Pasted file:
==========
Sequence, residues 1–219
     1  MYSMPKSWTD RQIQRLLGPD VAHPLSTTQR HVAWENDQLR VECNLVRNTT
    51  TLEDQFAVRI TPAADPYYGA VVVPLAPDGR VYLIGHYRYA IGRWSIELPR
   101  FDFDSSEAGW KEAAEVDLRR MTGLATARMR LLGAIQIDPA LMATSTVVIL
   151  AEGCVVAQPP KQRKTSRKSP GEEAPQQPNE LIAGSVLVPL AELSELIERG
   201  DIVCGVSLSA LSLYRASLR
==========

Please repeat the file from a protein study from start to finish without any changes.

Sequence, residues 1–219
     1  MYSMPKSWTD RQIQRLLGPD VAHPLSTTQR HVAWENDQLR VECNLVRNTT
    51  TLEDQFAVRI TPAADPYYGA VVVPLAPDGR VYLIGHYRYA IGRWSIELPR
   101  FDFDSSEAGW KEAAEVDLRR MTGLATARMR LLGAIQIDPA LMATSTVVIL
   151  AEGCVVAQPP KQRKTSRKSP GEEAPQQPNE LIAGSVLVPL AELSELIERG
   201  DIVCGVSLSA LSLYRASLR